Welcome to the Wednesday, June 9, Brew. Here’s what’s in store for you as you start your day:
- Gubernatorial primary results: McAuliffe wins Democratic nomination in Virginia, Ciattarelli wins GOP nod in New Jersey
- Maine Senate confirms Valerie Stanfill as state supreme court chief justice
- May’s partisan composition of state legislative seats—54.3% Republicans, 44.9% Democrats
Gubernatorial primary results: McAuliffe wins Democratic nomination in Virginia, Ciattarelli wins GOP nod in New Jersey
Here are some results from yesterday’s state executive primaries from New Jersey and Virginia:
Former Gov. Terry McAuliffe defeated four other candidates to win the Democratic gubernatorial nomination. With 94% of precincts reporting, McAuliffe had received 62% of the vote, followed by former state Del. Jennifer Carroll Foy with 20% and state Sen. Jennifer McClellan at 11%. McAuliffe served as Virginia’s governor from 2014 to 2018, chaired the Democratic National Committee from 2001 to 2005, and was the national chairman of Hillary Clinton’s (D) 2008 presidential campaign.
This was the fourth contested Democratic gubernatorial primary in Virginia since 1977. It was also the largest Democratic primary field for a governor’s race in the state’s history. McAuliffe will face Republican nominee Glenn Youngkin—who won his party’s nod at a May 8 convention—in the general election.
Hala Ayala won the six-candidate Democratic primary for lieutenant governor. With 97% of precincts reporting. Ayala had 38.6% of the vote, followed by Sam Rasoul with 25.5% and Mark Levine with 12%. The lieutenant governor serves as the president of the Virginia State Senate and may cast tie-breaking votes. Two of the state’s last four lieutenant governors, Sen. Tim Kaine (D) and Gov. Ralph Northam (D), went on to become governor.
Democrats have won every statewide election in Virginia since 2012.
Former state Assemblyman Jack Ciattarelli defeated three other candidates to win the Republican nomination for New Jersey’s gubernatorial election. With 94 percent of precincts reporting, Ciattarelli received 49.5% of the vote, followed by Philip Rizzo with 26% and Hirsh Singh with 22%. Ciattarelli will face Gov. Phil Murphy (D) in the general election on Nov. 2.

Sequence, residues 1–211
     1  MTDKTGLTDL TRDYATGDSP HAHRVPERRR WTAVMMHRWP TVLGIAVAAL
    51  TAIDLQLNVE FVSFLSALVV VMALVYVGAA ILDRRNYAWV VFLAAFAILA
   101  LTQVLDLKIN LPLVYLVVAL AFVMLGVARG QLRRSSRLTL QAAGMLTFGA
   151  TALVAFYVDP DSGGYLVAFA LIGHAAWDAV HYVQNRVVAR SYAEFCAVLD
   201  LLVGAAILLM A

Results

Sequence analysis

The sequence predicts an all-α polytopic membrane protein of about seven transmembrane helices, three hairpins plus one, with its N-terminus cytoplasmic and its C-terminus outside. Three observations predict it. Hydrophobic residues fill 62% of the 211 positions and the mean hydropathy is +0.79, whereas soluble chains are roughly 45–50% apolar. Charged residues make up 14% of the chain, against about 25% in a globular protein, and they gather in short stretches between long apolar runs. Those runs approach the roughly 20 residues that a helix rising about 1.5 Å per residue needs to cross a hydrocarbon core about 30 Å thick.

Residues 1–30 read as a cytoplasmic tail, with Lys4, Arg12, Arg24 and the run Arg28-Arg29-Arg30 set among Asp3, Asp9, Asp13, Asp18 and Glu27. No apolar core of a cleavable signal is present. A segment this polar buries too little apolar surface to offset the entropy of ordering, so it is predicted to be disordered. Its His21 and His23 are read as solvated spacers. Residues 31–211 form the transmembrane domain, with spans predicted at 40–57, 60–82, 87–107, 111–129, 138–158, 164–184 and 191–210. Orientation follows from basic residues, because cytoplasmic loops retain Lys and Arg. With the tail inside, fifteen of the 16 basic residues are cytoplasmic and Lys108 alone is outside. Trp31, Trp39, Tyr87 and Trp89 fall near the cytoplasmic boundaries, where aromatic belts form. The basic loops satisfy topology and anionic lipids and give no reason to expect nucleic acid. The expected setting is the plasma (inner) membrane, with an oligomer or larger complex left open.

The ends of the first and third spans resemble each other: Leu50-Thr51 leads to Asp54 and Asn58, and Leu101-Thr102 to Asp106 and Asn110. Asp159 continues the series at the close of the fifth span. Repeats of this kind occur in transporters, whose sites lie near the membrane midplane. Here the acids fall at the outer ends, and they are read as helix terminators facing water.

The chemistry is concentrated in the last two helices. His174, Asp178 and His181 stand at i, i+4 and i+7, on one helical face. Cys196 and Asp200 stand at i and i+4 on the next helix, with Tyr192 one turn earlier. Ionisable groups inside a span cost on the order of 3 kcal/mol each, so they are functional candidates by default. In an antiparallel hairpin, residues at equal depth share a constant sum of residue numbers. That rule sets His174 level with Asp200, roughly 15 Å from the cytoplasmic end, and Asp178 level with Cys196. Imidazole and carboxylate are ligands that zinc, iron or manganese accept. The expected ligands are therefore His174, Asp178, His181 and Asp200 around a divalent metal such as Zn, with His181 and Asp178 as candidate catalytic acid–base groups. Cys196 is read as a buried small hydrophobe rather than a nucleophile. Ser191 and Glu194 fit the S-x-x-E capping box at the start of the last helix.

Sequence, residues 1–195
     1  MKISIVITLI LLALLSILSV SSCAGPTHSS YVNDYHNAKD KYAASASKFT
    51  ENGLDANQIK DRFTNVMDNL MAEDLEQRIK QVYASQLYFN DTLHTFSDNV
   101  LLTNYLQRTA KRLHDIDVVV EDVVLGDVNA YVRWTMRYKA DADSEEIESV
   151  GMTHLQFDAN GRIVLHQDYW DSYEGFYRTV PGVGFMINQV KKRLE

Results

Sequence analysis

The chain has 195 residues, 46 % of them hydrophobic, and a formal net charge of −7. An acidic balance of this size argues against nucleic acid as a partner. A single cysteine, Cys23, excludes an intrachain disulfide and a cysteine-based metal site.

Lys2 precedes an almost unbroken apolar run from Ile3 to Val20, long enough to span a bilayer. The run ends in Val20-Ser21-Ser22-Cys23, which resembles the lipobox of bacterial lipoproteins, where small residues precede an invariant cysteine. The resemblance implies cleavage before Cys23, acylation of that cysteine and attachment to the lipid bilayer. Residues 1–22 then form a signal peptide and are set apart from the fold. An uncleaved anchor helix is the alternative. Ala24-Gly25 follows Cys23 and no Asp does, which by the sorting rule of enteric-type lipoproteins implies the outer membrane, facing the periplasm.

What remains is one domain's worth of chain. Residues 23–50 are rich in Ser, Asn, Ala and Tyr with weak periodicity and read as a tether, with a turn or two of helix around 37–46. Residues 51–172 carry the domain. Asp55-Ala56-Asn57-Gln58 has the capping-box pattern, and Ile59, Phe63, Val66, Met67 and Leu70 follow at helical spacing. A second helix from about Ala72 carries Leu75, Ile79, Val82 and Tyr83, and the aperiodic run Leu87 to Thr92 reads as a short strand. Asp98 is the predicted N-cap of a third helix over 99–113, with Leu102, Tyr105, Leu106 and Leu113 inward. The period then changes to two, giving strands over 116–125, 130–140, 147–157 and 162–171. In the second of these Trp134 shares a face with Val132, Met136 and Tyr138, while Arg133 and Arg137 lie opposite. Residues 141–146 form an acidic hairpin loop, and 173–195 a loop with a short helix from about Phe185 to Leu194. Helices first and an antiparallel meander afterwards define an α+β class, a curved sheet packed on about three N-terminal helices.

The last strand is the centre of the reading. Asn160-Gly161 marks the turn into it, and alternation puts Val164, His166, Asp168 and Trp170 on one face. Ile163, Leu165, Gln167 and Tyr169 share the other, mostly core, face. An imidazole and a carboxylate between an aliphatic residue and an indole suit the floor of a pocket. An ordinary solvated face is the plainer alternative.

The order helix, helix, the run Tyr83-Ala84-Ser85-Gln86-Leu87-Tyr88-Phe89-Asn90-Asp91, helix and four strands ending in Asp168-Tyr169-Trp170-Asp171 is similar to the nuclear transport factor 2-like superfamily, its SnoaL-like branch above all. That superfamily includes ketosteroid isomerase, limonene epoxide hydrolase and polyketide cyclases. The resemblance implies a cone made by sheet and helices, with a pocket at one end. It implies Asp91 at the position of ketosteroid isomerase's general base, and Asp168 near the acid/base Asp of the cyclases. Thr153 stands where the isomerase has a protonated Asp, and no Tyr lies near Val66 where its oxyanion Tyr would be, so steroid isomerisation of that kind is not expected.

Between 1992 and 2021, Republicans held New Jersey’s governorship for 16 years, and Democrats held it for 14. The last Democratic governor to win re-election in New Jersey was Brendan Byrne in 1977. Since then, two incumbent Democratic governors—Jim Florio in 1993 and Jon Corzine in 2009—lost re-election to Republican challengers.
Maine Senate confirms Valerie Stanfill as state supreme court chief justice
The Maine Senate confirmed Valerie Stanfill as the chief justice of the state’s highest court on June 3. Gov. Janet Mills (D) appointed Stanfill on May 10 to fill a vacancy created when former Chief Justice Leigh Saufley retired in April 2020. Stanfill is Mills’ third appointment to the court. Democratic governors have appointed six of Maine’s seven state supreme court justices.
Maine is one of 14 states that select the chief justice of their highest court by gubernatorial appointment. State supreme courts in 23 states select their chief justice by chamber vote, seven by popular vote, and six by seniority.
Ballotpedia’s study of partisanship on state supreme courts identified one of Maine’s current state supreme court justices as a strong Democrat, three as mild Democrats, and two whose partisan affiliation could not be conclusively determined. To explore our analysis of partisanship of state supreme courts in Maine and across the country, click here for the full study.
May’s partisan composition of state legislative seats—54.3% Republicans, 44.9% Democrats
Each month, we crunch the numbers on the partisan affiliation of the country’s 7,383 state legislators. Ballotpedia’s partisan count of state legislative seats at the end of May determined that 54.3% of state legislators are Republicans and 44.9% are Democrats. During May, Democrats had a net loss of one seat, while Republicans had a net gain of one. Compared to May a year ago, Democrats have lost 142 state legislative seats, while Republicans have gained 153 seats.
Republicans currently control 61 state legislative chambers, while Democrats control 37. One chamber, the Alaska House of Representatives, has a power-sharing agreement between the two parties. At the end of May, Republicans held 1,091 state Senate seats and 2,918 state House seats. Democrats held 867 state Senate seats and 2,450 state House seats. Third-party or independent officeholders held 38 seats, and there were 19 vacancies.